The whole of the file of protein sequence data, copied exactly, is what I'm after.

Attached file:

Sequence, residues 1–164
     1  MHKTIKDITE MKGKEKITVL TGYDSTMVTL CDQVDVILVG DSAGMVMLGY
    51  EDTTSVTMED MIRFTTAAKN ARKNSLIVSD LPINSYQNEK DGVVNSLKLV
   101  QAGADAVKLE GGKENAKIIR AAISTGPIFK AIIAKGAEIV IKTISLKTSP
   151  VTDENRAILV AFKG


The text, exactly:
Sequence, residues 1–164
     1  MHKTIKDITE MKGKEKITVL TGYDSTMVTL CDQVDVILVG DSAGMVMLGY
    51  EDTTSVTMED MIRFTTAAKN ARKNSLIVSD LPINSYQNEK DGVVNSLKLV
   101  QAGADAVKLE GGKENAKIIR AAISTGPIFK AIIAKGAEIV IKTISLKTSP
   151  VTDENRAILV AFKG